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  • Writer's pictureangiespoto

New Year, New Task Management System

Task management as a concept probably seems like it has absolutely no business anywhere near anything creative. For me, though, how I manage my time and the expectations I set for myself – especially for ‘non writing’ things – sets me up for creativity.

Here’s the thing. I don’t have a lot of time. I work full time in the healthcare IT world. I’m mom to a very active three-year-old. And I’m a human who needs to do all the normal human things like returning Amazon packages, going to the doctor, and filling out forms. I prioritize writing because I love it and I get very grumpy if I don’t do it, but I can’t spend much time doing it each week. And I don’t write every day.

At the start of the new year, I was feeling overwhelmed. I had a running list of to dos that was only ever growing and a vague goal to write 1 - 2 hours a night after work. Every evening, I felt torn between tackling my to do list or writing - and the result was either I didn’t get enough done that week to keep me feeling afloat or I was unfocused during my writing time.

Inspired by novelist Sarra Cannon, who shares her task management systems on You Tube, I decided I needed to take a step back and re-configure my task management system. Sarra spoke about thinking about your time in task blocks. For me, I use a 25 minute block of time (I’m a fan of the Pomodoro Method, so that’s where that came from). So I sat down and:

  1. Categorized all my tasks. Ultimately I landed on: writing (editing, plotting, etc), life admin (e.g. scheduling doctor’s appointments), publicity (for my writing career, stuff like social media, newsletters), submissions (sending my short stories out into the world, competitions, grants, etc), and non-profit (time to work on supporting The Survivor Arts Community).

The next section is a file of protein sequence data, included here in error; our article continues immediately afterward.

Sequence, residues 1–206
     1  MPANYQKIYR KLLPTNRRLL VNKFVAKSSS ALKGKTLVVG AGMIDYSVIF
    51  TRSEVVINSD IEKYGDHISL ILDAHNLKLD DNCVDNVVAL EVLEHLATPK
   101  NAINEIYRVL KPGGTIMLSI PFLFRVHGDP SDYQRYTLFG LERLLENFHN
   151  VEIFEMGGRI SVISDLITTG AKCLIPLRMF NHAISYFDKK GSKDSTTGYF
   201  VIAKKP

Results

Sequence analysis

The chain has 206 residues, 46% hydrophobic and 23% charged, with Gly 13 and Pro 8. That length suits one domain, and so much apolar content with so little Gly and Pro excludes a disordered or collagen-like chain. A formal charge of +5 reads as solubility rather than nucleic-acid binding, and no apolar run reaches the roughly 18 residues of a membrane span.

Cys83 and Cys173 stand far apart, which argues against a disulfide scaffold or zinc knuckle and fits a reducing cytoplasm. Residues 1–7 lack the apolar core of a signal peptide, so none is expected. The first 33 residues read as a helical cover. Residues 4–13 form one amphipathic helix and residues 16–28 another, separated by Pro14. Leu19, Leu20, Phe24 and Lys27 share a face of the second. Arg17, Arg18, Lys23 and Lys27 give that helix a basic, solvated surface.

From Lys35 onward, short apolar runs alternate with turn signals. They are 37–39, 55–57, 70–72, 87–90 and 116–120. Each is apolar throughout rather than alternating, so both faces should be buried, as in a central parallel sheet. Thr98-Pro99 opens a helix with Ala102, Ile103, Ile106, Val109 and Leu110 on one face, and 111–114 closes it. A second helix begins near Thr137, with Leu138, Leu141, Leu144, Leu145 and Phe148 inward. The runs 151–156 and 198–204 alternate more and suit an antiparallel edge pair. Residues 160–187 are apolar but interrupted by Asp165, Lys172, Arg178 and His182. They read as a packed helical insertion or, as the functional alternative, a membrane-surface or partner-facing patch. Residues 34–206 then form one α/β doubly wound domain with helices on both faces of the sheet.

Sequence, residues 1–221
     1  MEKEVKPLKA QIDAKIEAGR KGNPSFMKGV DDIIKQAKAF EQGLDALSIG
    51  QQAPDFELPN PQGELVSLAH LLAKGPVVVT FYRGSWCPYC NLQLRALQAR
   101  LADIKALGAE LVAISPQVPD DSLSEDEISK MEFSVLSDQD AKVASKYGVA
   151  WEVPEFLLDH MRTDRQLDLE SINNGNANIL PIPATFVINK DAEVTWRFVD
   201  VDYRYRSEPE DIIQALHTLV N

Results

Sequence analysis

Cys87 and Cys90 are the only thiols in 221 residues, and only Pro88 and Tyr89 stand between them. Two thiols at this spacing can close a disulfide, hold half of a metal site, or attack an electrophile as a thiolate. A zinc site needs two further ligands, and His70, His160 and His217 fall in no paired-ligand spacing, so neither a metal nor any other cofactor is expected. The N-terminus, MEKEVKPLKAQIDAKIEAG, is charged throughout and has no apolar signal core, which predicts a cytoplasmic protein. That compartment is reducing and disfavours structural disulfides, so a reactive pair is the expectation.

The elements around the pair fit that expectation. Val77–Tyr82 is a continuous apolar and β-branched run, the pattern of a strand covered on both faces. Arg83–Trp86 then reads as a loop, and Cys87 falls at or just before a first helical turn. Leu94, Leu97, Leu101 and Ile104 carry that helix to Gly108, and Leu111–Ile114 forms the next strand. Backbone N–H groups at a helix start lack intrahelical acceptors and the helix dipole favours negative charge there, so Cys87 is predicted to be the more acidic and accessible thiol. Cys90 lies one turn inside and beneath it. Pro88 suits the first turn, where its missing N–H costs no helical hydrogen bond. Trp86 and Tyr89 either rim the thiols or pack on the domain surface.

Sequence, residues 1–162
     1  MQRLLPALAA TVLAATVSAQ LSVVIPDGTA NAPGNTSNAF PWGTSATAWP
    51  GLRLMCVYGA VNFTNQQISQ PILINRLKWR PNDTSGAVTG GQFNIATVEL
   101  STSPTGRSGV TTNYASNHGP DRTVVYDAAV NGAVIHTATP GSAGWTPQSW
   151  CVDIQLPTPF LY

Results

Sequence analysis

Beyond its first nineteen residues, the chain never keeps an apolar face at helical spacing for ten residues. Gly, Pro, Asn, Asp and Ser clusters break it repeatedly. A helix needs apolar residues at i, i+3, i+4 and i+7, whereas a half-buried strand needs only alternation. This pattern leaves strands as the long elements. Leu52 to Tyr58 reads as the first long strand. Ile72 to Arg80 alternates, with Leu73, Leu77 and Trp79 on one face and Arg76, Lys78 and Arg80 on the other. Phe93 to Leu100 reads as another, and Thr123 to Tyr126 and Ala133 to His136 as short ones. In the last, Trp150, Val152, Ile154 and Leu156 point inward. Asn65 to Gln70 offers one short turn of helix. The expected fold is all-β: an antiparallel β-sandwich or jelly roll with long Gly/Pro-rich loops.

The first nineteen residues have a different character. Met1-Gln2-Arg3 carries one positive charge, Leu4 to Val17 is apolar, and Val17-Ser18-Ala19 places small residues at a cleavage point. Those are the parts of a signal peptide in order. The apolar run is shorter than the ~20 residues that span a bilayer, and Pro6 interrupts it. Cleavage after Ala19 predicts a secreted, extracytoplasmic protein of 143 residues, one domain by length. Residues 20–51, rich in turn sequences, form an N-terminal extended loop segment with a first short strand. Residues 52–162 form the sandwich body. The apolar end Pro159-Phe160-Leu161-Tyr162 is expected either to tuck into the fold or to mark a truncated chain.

2. Determined the time I needed per task type. Then, without thinking about how much time I actually had, I determined how much time per week I felt like I needed to devote to each task to feel balanced.

  3. Assigned task blocks to each task type. I considered the time I actually did have and negotiated how much time I could devote to each task type. That meant making some compromises to be sure I wasn’t giving myself unreachable expectations. It’s always good to assume you’ll be able to work no more than 70% at capacity; some days you may have more energy and can get more done, but some days you just have to throw the towel in early. Never assume you’re going to hit your goal 100% of the time.

  4. Created a weekly schedule. Finally, I arranged the task types and task blocks into a schedule. I dedicated certain days of the week to certain task types. For example, on Mondays, I just write. I spend three task blocks (that's 75 minutes) writing. Nothing else. I don’t expect to get anything done on my admin to do list. I don’t plan to post on social media. This allows me to focus on the task at hand – it’s such a relief!

So far, this new task management system has given me greater balance. I have more reasonable expectations for myself. Since my goals are based on time devoted rather than task completion, I don’t feel unproductive if I don’t actually cross something off my to do list – if I put in the time, then I’m right on track. This goes for my writing, too. I’m at a time in my writing career when I don’t have any deadlines (I know this won’t last – then I’m sure I’ll need to re-evaluate my task system!), so I don’t have any word count goals. I just put in the time and feel good about it!

Here’s my weekly schedule. Hopefully it inspires folks who are managing a lot of moving pieces (who isn’t?) to re-think how they manage their tasks, time, and expectations.

// Weekly Schedule


+ writing, editing, plotting --> 2 task blocks


+ writing, editing, plotting --> 3 task blocks


+ admin --> 3 task blocks


+ admin --> 1 task block

+ submissions --> 2 task blocks


+ writing, editing, plotting --> 2 task blocks

+ publicity --> 2 task blocks


+ non-profit--> 2 task blocks


+ writing, editing, plotting --> 3 task blocks

Angie Spoto is an American fiction writer and poet living in Edinburgh. In 2020, she completed a PhD in Creative Writing at the University of Glasgow. Her doctoral thesis was a fantasy novel, called The Grief Nurse, and a collection of essays on grief, madness and language. The Grief Nurse has been shortlisted for the First Novel Prize 2021 and The Bridge Awards Emerging Writer Award in 2020. Angie is represented by Robbie Guillory from Underline Literary Agency.

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